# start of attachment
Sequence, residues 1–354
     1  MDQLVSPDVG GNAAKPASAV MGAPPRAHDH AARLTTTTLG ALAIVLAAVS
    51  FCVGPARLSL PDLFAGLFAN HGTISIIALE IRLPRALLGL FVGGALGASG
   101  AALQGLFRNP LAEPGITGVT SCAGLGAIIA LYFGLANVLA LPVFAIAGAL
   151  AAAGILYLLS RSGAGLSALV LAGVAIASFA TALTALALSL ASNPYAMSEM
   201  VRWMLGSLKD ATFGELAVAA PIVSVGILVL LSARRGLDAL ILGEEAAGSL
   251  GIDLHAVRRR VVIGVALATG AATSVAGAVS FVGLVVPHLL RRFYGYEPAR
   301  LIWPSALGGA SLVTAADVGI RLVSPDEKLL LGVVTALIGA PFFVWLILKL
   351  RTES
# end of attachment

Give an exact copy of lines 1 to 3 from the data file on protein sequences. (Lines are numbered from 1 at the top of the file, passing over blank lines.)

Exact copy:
Sequence, residues 1–354
     1  MDQLVSPDVG GNAAKPASAV MGAPPRAHDH AARLTTTTLG ALAIVLAAVS
    51  FCVGPARLSL PDLFAGLFAN HGTISIIALE IRLPRALLGL FVGGALGASG